Fatigues to flaked meat, from Army's idea lab
The men march through tropical heat that threatens to steam them like so many soft-shelled clams. Not a hundred yards away, in another climate-controlled room , a group battles an arctic cold that makes a New England winter seem balmy. In a building nearby, torrential rainstorms pelt tents and other gear, hunting for a weak seam or flaw that could give way.
The United States military knows that troops on the battlefield need more than the latest in sophisticated weaponry. They need food, clothing, and shelter that won't let them down.
That's where the US Army's Natick Research and Development Laboratories come in. Since 1954 scientists at Natick's test chambers and laboratories, situated on a 78-acre plot in this Boston suburb, have developed a large number of products that improve not only the comfort but the survival rate of men and women in uniform. In addition, many of the laboratories' successes have been snatched up by private industry. It's estimated that military research or testing has played a part in 20 percent of the products found on a typical grocery store's shelves. Many of those innovations have come from the laboratories here.
Among the Natick products used by consumers:
* Goretex, the fabric that keeps water out while letting the body ''breathe.'' Natick labs, working with the former Du Pont chemist who invented it, found the material could be used in clothing, sleeping bags, and tents.
* The retort pouch, a light, flexible substitute for cans that has been called the first major advance in food packaging since the can itself. Already in wide use in Western Europe and Japan, the pouch is expected to be a popular container on US shelves in the near future.
* Freeze-dried foods, a favorite of backpackers and hikers, were developed for US soldiers in Vietnam. More recently, compression techniques allow a hockey-puck-size block of a food such as string beans to expand to the equivalent of 15 cans by adding water.
* So-called bulletproof vests used by police officers and VIPs. Designed of layers of Kevlar, a Du Pont product, the thin, lightweight material was originally developed to protect infantrymen from shell fragments.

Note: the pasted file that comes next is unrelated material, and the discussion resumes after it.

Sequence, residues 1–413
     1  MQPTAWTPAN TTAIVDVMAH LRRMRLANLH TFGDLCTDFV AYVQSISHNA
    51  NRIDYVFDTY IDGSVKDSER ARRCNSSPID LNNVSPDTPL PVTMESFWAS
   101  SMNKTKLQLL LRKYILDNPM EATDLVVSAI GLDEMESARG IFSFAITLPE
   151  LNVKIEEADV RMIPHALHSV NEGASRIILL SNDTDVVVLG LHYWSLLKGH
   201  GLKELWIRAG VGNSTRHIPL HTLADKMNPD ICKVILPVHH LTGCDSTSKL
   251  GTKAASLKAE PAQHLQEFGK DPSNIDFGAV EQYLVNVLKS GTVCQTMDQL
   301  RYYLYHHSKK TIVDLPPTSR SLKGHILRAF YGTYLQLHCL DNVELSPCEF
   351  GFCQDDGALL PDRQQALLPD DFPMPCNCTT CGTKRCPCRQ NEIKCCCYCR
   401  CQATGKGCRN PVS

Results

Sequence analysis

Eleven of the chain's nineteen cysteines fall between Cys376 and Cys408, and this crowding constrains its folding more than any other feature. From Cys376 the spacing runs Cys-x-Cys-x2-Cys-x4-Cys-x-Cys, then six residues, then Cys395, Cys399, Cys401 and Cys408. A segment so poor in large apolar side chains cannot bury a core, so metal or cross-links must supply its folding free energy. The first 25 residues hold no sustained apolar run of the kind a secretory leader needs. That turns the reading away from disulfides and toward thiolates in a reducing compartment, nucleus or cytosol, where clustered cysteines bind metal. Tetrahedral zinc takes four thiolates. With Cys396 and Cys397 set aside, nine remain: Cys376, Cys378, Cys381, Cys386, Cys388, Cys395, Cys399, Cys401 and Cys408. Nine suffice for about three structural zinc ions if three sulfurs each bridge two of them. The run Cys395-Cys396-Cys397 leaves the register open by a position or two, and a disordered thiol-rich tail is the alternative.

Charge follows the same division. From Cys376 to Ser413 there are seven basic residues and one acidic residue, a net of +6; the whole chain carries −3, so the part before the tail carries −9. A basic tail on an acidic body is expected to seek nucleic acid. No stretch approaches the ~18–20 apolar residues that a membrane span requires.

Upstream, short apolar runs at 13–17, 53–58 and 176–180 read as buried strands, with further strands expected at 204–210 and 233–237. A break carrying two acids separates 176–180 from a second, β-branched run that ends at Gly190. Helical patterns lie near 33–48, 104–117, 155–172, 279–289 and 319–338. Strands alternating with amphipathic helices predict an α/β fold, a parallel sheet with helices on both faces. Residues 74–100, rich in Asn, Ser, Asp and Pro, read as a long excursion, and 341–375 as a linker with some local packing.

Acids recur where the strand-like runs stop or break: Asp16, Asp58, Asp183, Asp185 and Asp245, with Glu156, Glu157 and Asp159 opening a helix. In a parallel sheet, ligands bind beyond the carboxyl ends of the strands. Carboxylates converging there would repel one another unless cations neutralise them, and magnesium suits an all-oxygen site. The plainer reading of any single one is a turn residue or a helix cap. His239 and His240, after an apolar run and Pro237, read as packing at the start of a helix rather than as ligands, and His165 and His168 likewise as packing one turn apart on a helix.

* Flaked and formed meat that looks and tastes like expensive cuts but uses much more of the animal. Natick researchers are now trying find ways to make edible ''trash fish'' more palatable by using packaging that makes the taste and texture comparable to a well-known species.
In all, taxpayers are spending $65 million a year at Natick to keep about 1, 000 civilians and 100 military personnel busy designing everything from a new helmet for foot soldiers (it's lighter and won't wobble around) to easy-to-slip-on dog booties (for sled teams in arctic regions).
''There's no other research institute like this in the world,'' says Harvey W. Keene, a civilian spokesman for the laboratory. He estimates that the facility works on ''maybe a couple of hundred'' projects at any one time, although not all are major innovations.
The Natick facility doesn't design weaponry and doesn't manufacture products. Rather, it creates new products and then carefully writes the specifications that manufacturers who supply the military must follow. The laboratories are prohibited by law to do research on products available commercially. ''That's why we have to keep abreast of what private industry is doing,'' says Mr. Keene. Firemen's boots, work gloves, and bath towels are among off-the-shelf products used by the military.
But when no satisfactory product exists, the Natick scientists go to work. Some of them have become experts in anthropometry, the science of measuring the human body and its variations. Using their skills, they designed new fatigue uniforms for the Army, which resist detection by infrared sensors of enemy troops. (Less exotic togs, such as the new uniforms for the US Postal Service, are a Natick product too.) Among the innovations now under testing is a ''liquid-cooled garment'' for tank crews and others who must work in hot environments where air conditioning is impractical. Professional race car drivers are reportedly interested in it.
Some of the testing has a bit of whimsy - like the machine that takes boots on simulated 50,000-step hikes. But the work is deadly serious, too. One project is tackling the problem of feeding troops who are under attack by chemical or biological weapons.